In the Journals

SLNB did not improve survival in head and neck melanoma

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December 4, 2014

Patients with head and neck melanoma who underwent sentinel lymph node biopsy derived no disease-specific survival benefit compared with patients who did not undergo the procedure, according to study results.

Prior research established sentinel lymph node biopsy (SLNB) offers prognostic information for patients with melanoma, but previous studies have not demonstrated a survival benefit.

For this reason, Steven M. Sperry, MD, clinical assistant professor in the department of otolaryngology-head and neck surgery at University of Iowa Health Care, and colleagues assessed the association between SLNB and survival in patients who developed melanoma on head and neck subsites.

Researchers used the SEER database to 7,266 eligible patients (age range, 18 to 84 years) treated between 2004 and 2011. Of these patients, 54% underwent SLNB and 46% did not.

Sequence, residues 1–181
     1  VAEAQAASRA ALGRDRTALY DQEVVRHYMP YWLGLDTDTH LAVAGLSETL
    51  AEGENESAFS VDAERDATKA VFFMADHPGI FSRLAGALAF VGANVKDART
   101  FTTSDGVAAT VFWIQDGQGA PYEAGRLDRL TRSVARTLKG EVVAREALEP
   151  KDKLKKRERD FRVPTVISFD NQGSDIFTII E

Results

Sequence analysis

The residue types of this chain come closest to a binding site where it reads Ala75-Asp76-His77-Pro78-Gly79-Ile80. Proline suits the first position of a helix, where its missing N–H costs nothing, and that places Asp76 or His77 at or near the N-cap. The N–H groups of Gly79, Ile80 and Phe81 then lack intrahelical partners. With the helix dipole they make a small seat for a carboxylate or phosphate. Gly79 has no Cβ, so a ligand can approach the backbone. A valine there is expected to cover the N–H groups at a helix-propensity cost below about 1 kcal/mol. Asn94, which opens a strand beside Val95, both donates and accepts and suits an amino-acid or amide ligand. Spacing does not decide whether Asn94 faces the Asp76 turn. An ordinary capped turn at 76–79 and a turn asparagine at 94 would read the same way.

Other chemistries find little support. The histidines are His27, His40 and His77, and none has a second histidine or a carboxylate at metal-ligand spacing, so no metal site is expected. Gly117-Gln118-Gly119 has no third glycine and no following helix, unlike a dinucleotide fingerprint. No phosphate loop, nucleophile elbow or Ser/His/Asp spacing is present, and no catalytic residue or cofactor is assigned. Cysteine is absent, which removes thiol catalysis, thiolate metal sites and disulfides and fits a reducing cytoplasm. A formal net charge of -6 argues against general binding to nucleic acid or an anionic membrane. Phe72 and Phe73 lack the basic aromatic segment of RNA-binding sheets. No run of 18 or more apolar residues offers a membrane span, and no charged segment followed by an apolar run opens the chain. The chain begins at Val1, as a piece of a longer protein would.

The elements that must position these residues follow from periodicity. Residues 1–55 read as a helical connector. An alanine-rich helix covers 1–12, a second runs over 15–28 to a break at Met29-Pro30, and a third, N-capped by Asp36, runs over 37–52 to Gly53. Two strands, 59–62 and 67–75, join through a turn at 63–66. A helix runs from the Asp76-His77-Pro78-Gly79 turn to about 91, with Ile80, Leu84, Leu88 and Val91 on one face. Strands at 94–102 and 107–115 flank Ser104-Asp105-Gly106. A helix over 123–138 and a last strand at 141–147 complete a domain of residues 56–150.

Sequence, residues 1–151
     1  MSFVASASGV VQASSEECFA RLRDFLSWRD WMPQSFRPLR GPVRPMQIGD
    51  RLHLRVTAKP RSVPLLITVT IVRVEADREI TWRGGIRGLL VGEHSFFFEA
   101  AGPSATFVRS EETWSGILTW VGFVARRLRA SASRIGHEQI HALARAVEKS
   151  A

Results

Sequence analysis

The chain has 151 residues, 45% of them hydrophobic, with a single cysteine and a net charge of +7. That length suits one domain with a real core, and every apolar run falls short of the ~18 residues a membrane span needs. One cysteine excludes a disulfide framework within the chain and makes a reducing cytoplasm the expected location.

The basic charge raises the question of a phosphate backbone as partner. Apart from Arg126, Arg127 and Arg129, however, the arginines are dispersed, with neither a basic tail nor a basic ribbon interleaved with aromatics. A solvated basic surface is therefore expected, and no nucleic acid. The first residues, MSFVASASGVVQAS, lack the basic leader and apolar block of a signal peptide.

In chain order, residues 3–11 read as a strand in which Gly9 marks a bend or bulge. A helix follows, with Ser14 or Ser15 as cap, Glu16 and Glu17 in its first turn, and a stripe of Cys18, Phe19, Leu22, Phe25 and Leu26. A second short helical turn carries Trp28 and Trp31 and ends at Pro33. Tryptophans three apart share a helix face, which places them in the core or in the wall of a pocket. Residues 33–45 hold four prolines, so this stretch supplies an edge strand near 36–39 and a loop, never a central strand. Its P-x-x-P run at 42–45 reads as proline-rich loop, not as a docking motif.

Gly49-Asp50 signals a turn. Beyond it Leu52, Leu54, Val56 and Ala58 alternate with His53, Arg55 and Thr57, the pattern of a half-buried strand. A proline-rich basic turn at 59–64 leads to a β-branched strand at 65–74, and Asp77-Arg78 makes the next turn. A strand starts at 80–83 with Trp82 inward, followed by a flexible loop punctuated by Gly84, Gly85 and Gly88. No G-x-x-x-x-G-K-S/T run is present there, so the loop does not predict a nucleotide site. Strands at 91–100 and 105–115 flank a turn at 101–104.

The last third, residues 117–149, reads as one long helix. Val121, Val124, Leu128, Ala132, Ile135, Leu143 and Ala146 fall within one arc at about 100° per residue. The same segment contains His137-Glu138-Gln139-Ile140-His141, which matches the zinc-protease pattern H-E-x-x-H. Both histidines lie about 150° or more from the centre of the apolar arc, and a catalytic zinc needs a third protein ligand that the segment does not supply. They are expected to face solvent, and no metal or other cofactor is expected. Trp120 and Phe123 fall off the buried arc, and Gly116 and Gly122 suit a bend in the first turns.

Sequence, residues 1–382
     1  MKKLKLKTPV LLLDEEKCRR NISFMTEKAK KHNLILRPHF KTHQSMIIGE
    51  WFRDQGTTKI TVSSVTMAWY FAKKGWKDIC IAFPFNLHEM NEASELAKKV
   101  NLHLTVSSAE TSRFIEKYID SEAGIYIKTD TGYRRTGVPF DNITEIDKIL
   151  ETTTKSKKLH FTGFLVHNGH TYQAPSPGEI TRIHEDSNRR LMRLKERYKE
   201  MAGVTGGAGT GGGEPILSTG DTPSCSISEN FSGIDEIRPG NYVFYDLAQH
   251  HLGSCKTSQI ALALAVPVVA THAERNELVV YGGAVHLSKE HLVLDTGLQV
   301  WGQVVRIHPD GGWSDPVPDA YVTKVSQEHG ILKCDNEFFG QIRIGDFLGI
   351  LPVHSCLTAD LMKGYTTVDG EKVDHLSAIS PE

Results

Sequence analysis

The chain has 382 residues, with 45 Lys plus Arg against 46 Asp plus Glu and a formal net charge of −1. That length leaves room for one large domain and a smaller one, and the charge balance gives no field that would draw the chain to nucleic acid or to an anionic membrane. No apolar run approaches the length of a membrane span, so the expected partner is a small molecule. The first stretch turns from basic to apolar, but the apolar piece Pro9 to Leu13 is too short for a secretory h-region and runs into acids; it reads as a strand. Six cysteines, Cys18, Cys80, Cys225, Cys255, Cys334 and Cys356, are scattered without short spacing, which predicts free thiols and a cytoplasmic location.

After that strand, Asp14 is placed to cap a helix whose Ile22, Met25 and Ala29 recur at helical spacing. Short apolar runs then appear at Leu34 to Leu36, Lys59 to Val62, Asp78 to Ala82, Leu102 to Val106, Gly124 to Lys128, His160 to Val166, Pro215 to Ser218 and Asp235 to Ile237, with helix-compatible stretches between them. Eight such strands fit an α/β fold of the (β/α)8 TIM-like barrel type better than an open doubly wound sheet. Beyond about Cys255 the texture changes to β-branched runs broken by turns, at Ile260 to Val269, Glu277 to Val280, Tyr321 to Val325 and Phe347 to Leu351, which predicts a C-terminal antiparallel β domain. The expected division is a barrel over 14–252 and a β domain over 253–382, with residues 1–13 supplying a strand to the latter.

Sperry and colleagues grouped patients into one of three tumor thickness categories: thin melanomas (>0.75 mm to 1 mm in Breslow thickness), intermediate (>1 mm to 4 mm) and thick (more than 4 mm). Researchers also matched patients in five age categories.

The final analysis included 552 matched pairs with thin melanomas, 1,404 matched pairs with intermediate-thickness melanomas, and 354 matched pairs with thick melanomas.

In the intermediate-thickness cohort, 5-year disease-specific survival (DSS) was 89% among those who underwent SLNB and 88% for those who underwent nodal observation (P=.3). The HR for melanoma-specific mortality was 0.87 (95% CI, 0.66-1.14) for those who underwent SLNB.

Researchers observed no significant difference in DSS among patients with thin or thick melanomas. The HRs for DSS for SLNB compared with nodal observation were 1.53 (95% CI, 0.75-3.13) among patients with thin melanomas and 0.8 (95% CI, 0.56-1.15) among patients with thick melanomas.

“This study has not identified a statistically significant association between treatment including SLNB and improved DSS for head and neck melanoma,” Sperry and colleagues wrote. “Furthermore, we suggest that the size of the association is unlikely to be clinically relevant for patients. It is unlikely that another randomized controlled trial with adequate power will ever be designed to answer this question. Therefore, observational data analyses … may remain the best level of evidence regarding this important clinical question … Our results do not provide evidence to warrant further study to assess the therapeutic survival benefit of SLNB for head and neck melanoma.”

Disclosure: The researchers report no relevant financial disclosures. 

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